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  Canada Immigration Forum > Immigration & Citizenship > Citizenship > Dual citizen US/Canada daughter denouncing US citizenship
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Dual citizen US/Canada daughter denouncing US citizenship




Hi there - with the realization that my daughter is turning 18 and to the point in earnings that taxes would need to be filed, generally what is the cheapest, easiest route to denounce her US citizenship? (she was born in US while we worked down there), lived in Canada since she was 1. She has no interest in maintaining US. I know when the 2014 laws came in place, it was a chaotic process with long waits - does that still apply? I have to assume cost is bottom levels for daughter (this year would be first that she has enough wages to file) and she does also have RESP's which apparently are taxable.

Must we go through immigration lawyer? Is it best to get one to make sure they don't come after her some 20 years down the road with a weird tax loophole or something, or is the 18 year old declaration much more simple and just a matter of going into embassy? Consulate? etc

Where is closest for Victoria? Do we have to go to Vancouver?

Any insight would be greatly appreciated as birthday is coming real quick and I know we need to get going on this!

thx much


 
deewar25

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Post ID: 235128 06-06-17 21:30:19
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icame
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Member since: May 17




Posts: 86
Location: Devil's Own Country


1. Canadian taxation is based on residency.

2. USA taxation is based on US citizenship or even green card holder status.

US will tax your world wide income, no matter where you live or where you earn your income.

Even if you don't earn a penny from US and don't set your foot in US again, US IRS will come after you to file returns and for taxation purposes, once you are a US citizen or GC holder.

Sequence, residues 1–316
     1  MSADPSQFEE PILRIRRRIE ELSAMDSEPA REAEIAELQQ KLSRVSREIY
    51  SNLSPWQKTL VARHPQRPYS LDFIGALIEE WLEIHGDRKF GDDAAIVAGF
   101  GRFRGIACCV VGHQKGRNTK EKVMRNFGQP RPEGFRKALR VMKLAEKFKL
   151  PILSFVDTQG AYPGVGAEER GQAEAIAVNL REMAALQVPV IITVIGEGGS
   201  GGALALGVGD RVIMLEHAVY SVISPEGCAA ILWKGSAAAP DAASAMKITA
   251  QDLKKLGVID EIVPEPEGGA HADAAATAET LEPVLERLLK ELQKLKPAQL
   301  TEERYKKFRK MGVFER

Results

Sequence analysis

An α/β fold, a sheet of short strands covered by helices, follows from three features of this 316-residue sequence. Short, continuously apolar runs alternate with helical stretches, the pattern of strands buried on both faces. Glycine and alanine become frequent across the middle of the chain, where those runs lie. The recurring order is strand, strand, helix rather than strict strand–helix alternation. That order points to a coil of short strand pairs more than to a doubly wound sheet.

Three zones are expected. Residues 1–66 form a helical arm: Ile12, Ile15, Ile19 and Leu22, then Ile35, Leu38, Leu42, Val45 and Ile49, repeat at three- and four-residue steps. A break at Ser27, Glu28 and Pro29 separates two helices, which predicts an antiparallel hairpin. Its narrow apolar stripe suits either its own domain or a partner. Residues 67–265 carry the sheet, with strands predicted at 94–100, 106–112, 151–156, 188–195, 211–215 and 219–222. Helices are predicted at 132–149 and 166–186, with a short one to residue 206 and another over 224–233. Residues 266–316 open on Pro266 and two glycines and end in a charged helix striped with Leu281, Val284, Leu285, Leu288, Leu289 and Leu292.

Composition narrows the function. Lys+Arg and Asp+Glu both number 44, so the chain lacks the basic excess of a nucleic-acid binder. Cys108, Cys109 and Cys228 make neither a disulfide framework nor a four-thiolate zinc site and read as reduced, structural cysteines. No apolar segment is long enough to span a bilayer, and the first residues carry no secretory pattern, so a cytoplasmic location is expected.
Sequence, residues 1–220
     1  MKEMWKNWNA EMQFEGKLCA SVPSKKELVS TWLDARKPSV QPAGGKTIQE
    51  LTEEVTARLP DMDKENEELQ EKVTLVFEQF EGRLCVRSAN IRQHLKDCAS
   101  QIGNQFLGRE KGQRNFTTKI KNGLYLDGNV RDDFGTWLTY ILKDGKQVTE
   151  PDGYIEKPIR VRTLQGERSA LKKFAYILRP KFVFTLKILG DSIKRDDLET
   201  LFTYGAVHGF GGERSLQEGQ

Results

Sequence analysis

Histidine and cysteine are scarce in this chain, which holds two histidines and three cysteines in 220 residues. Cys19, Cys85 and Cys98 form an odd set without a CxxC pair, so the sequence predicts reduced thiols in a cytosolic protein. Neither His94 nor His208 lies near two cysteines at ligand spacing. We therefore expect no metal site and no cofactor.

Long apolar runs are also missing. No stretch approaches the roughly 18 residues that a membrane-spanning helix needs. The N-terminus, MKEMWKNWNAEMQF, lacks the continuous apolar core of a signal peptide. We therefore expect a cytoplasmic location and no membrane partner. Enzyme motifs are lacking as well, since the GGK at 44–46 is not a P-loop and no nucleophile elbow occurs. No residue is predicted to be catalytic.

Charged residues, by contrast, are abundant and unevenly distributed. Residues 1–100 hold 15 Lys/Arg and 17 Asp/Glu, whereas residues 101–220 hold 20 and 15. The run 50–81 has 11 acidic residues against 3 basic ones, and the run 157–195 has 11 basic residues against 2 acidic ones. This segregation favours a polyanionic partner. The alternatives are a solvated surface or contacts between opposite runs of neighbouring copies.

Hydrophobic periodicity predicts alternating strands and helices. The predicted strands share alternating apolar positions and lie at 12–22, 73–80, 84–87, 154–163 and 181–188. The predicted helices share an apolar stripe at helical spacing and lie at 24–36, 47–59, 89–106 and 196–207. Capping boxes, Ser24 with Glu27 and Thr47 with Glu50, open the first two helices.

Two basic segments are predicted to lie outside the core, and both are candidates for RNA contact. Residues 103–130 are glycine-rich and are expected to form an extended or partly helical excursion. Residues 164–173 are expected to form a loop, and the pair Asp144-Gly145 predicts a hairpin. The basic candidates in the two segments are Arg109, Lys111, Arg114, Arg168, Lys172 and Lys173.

They are quite powerful, and no country wants to mess with them.

So sooner you give it up, the better it is.

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Post ID: 235129 07-06-17 01:25:49
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Full House
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A few will die to obtain U.S.Citizenship and for a few it is a Bane. You have already made up your mind and hence there is no use in holding on to it. More over I can see the doubts and the pains it might bring in at a later date, which it can and no one can question a powerful Government that bullies their own Citizens. Even that surely will cost some money and if that is of no concern, then, do it as soon as you can.

Good Luck.

FH.

Some thing to read on it and if you have a few hours at your disposal join them on a day that they hold a free seminar.

http://vancouversun.com/news/local-news/u-s-tax-laws-politics-pushing-more-dual-citizens-to-renounce-citizenship


 
Post ID: 235130 07-06-17 03:30:06
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deewar25
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thanks for replies - yeah, pretty sure mind is made up, guess the bigger question is 'how'? Do you have to go through a lawyer or is it simple to just walk into consulate and denouce there? Is that Vancouver?

 
Post ID: 235138 08-06-17 15:15:07
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icame
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Posts: 86
Location: Devil's Own Country


Quote:
Originally posted by deewar25

thanks for replies - yeah, pretty sure mind is made up, guess the bigger question is 'how'? Do you have to go through a lawyer or is it simple to just walk into consulate and denouce there? Is that Vancouver?



Walking to a consulate and doing it is enough. No need for a lawyer. But certain steps need to be followed, See below.

http://www.renunciationguide.com/expatriation-process/renunciation-step-by-step/

https://travel.state.gov/content/travel/en/legal-considerations/us-citizenship-laws-policies/renunciation-of-citizenship.html

B. ELEMENTS OF RENUNCIATION

A person wishing to renounce his or her U.S. citizenship must voluntarily and with intent to relinquish U.S. citizenship:

1. Appear in person before a U.S. consular or diplomatic officer,
2. In a foreign country at a U.S. Embassy or Consulate; and
3. Sign an oath of renunciation

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Post ID: 235139 08-06-17 15:47:41
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icame
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Posts: 86
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Quote:
Originally posted by deewar25

thanks for replies - yeah, pretty sure mind is made up, guess the bigger question is 'how'? Do you have to go through a lawyer or is it simple to just walk into consulate and denouce there? Is that Vancouver?